The commissioner also sent letters outlining intervention tracks to superintendents in Nashville, Chattanooga, Knoxville, and Jackson, all of which are home to priority schools.

Under its new model, Tennessee is seeking to collaborate more with local districts to develop improvement plans, instead of just taking over struggling schools and assigning them to charter operators under the oversight of the state-run Achievement School District. However, the ASD, which now oversees 29 Memphis schools, remains an intervention of last resort.

McQueen identified the following eight schools to undergo a “rigorous school improvement planning process,” in collaboration between the state and Shelby County Schools. Any resulting interventions will be led by the local district.

  • A.B. Hill Elementary
  • A. Maceo Walker Middle
  • Douglass High
  • Georgian Hills Middle
  • Grandview Heights Middle
  • Holmes Road Elementary
  • LaRose Elementary
  • Sheffield Elementary
  • Wooddale High

These next six iZone schools must work with the state “to ensure that (their) plan for intervention is appropriate based on identified need and level of evidence.”

  • Sheffield Elementary
  • Raleigh-Egypt High
  • Lucie E. Campbell Elementary
  • Melrose High
  • Sherwood Middle
  • Westwood High

The five schools below will continue their current intervention plan within the iZone and must provide progress reports to the state:

  • Hamilton High
  • Riverview Middle
  • Geeter Middle
  • Magnolia Elementary
  • Trezevant High

The school board is expected to discuss the state’s plan during its work session next Tuesday. And if early reaction from board member Stephanie Love is any indication, the discussion will be robust.

“We have what it takes to improve our schools,” Love told Chalkbeat on Friday. “I think what they need to do is let our educators do the work and not put them in the situation where they don’t know what will happen from year to year.”

Among questions expected to be raised is whether McQueen’s recommendation to close Hawkins Mill can be carried out without school board approval, since her letter says that schools on the most rigorous intervention track “will implement a specific intervention as determined by the Commissioner.”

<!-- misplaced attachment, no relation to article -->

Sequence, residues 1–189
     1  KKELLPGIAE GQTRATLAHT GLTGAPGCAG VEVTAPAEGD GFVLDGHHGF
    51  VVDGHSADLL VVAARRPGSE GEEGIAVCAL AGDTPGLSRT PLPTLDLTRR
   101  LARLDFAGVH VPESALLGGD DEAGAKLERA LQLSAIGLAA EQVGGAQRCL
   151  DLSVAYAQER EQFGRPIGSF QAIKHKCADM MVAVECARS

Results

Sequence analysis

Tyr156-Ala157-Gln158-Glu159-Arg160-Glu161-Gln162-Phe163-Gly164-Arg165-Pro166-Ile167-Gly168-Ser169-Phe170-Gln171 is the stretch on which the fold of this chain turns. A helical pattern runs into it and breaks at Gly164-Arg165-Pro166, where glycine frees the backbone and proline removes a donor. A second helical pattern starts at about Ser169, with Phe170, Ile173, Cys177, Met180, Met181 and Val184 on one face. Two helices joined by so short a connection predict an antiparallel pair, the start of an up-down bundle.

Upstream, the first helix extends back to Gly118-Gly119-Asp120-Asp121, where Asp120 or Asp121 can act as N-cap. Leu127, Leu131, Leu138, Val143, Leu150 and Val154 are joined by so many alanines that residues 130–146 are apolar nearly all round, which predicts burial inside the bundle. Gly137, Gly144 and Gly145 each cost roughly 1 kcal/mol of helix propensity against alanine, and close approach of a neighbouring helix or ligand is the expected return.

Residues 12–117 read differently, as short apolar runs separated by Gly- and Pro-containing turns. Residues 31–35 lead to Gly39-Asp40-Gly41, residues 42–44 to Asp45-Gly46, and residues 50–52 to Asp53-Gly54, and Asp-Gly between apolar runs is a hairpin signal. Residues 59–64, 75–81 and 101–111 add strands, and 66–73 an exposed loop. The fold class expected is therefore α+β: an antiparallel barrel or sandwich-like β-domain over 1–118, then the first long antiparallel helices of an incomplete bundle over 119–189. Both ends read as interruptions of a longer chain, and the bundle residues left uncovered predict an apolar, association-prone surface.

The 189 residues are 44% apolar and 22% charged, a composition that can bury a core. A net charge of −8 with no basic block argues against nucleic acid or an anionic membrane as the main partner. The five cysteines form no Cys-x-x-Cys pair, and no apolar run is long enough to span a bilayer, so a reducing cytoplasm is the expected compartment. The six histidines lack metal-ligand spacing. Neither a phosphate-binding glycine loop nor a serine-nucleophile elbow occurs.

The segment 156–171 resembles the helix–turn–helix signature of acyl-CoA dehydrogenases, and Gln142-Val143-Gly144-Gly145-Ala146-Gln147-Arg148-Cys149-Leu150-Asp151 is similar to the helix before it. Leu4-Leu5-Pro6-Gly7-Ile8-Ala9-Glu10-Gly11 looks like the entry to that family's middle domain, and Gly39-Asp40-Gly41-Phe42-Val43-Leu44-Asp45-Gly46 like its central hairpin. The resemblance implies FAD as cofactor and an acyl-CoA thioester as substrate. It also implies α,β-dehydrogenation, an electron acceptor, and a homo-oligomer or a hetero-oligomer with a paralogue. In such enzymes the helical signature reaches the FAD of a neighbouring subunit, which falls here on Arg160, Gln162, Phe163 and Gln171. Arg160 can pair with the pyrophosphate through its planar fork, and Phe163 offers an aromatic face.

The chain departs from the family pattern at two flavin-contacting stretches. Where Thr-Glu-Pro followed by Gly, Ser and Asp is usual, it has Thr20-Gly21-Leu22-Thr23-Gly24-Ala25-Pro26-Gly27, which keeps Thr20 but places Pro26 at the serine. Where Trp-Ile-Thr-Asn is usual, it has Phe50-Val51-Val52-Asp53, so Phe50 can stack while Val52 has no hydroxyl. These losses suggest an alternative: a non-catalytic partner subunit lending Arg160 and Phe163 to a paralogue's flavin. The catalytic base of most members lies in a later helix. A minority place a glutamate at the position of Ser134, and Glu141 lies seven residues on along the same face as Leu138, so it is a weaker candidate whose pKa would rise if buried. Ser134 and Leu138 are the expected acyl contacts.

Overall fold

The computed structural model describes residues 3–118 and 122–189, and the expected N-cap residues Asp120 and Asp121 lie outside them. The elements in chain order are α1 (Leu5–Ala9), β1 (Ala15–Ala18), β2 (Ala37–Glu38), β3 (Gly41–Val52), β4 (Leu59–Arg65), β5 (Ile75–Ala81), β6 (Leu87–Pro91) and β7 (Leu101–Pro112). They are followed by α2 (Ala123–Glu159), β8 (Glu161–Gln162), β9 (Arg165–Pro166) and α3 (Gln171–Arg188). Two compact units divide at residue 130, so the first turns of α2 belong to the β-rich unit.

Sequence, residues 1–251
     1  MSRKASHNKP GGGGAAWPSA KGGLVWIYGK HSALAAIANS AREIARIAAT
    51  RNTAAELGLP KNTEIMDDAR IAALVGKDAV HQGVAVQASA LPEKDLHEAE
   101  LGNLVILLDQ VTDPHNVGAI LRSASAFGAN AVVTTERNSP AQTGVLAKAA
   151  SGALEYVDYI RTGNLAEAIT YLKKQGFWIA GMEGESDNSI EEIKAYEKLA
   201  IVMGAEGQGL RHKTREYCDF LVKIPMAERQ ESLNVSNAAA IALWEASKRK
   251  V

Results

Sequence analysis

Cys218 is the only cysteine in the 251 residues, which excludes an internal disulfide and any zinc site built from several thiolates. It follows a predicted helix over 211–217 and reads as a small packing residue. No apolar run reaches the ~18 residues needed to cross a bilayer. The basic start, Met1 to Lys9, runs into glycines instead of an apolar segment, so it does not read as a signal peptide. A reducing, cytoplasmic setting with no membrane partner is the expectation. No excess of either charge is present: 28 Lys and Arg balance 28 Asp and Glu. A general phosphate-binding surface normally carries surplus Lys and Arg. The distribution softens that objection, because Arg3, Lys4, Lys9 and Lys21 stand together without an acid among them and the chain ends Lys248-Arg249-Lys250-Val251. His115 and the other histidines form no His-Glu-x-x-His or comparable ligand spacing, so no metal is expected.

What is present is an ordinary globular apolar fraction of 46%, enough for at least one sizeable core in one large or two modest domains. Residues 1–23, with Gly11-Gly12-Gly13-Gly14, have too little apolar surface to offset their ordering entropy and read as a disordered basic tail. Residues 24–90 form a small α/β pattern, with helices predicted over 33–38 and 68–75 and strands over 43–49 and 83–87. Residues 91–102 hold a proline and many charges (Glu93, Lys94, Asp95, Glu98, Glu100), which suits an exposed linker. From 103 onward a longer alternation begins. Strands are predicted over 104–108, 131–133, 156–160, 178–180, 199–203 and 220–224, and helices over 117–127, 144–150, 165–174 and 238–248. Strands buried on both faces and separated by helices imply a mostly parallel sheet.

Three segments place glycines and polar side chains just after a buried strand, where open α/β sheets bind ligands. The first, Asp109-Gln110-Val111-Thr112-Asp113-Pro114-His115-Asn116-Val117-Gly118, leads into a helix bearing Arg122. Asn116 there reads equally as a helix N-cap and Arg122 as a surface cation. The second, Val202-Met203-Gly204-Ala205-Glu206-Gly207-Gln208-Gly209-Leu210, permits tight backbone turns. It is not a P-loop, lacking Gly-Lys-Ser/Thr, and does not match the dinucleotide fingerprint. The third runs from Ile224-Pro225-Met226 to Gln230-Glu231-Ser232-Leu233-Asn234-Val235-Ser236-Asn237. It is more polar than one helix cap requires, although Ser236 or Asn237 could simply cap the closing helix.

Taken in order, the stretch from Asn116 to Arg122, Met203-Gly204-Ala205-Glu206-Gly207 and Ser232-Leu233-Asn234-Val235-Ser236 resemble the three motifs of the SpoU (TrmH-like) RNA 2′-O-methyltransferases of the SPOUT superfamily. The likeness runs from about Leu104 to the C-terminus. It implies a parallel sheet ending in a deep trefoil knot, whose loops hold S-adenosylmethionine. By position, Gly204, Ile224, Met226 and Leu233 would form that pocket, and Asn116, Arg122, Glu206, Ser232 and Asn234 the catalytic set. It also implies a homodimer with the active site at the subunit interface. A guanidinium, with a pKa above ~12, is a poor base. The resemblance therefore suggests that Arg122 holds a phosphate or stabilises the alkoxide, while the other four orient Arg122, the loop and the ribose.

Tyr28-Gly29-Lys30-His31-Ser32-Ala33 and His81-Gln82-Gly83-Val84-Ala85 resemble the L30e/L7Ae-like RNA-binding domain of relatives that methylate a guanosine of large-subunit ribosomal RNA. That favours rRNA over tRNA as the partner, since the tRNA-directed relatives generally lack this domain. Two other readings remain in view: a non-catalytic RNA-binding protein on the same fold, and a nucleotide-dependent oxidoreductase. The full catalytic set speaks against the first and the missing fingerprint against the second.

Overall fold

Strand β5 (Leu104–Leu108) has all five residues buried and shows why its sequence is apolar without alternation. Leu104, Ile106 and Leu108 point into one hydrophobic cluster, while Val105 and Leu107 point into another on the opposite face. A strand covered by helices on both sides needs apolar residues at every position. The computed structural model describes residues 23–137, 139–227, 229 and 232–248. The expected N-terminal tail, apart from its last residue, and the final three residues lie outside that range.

Another question is why the state’s plan includes three schools — Douglass High, Sherwood Middle, and Lucie E. Campbell Elementary — that improved enough last year to move off of the state’s warning list of the 10 percent of lowest-performing schools.

You can read McQueen’s letter to Hopson below:

Mergers and acquisitions

In a city where many charter schools operate alone, one charter network expands

Kindergarteners at Detroit's University Prep Academy charter school on the first day of school in 2017.

One of Detroit’s largest charter school networks is about to get even bigger.

The nonprofit organization that runs the seven-school University Prep network plans to take control of another two charter schools this summer — the Henry Ford Academy: School for Creative Studies elementary and the Henry Ford Academy: School for Creative Studies middle/high school.

The move would bring the organization’s student enrollment from 3,250 to nearly 4,500. It would also make the group, Detroit 90/90, the largest non-profit charter network in the city next year — a distinction that stands out in a city when most charter schools are either freestanding schools or part of two- or three-school networks.

Combined with the fact that the city’s 90 charter schools are overseen by a dozen different charter school authorizers, Detroit’s relative dearth of larger networks means that many different people run a school sector that makes up roughly half of Detroit’s schools. That makes it difficult for schools to collaborate on things like student transportation and special education.

Some charter advocates have suggested that if the city’s charter schools were more coordinated, they could better offer those services and others that large traditional school districts are more equipped to offer — and that many students need.

The decision to add the Henry Ford schools to the Detroit 90/90 network is intended to “create financial and operational efficiencies,” said Mark Ornstein, CEO of UPrep Schools, and Deborah Parizek, executive director of the Henry Ford Learning Institute.

Those efficiencies could come in the areas of data management, human resources, or accounting — all of which Detroit 90/90 says on its website that it can help charter schools manage.

Ornstein and Parizek emphasized that students and their families are unlikely to experience changes when the merger takes effect on July 1. For example, the Henry Ford schools would remain in their current home at the A. Alfred Taubman Center in New Center and maintain their arts focus.  

“Any changes made to staff, schedule, courses, activities and the like will be the same type a family might experience year-to-year with any school,” they said in a statement.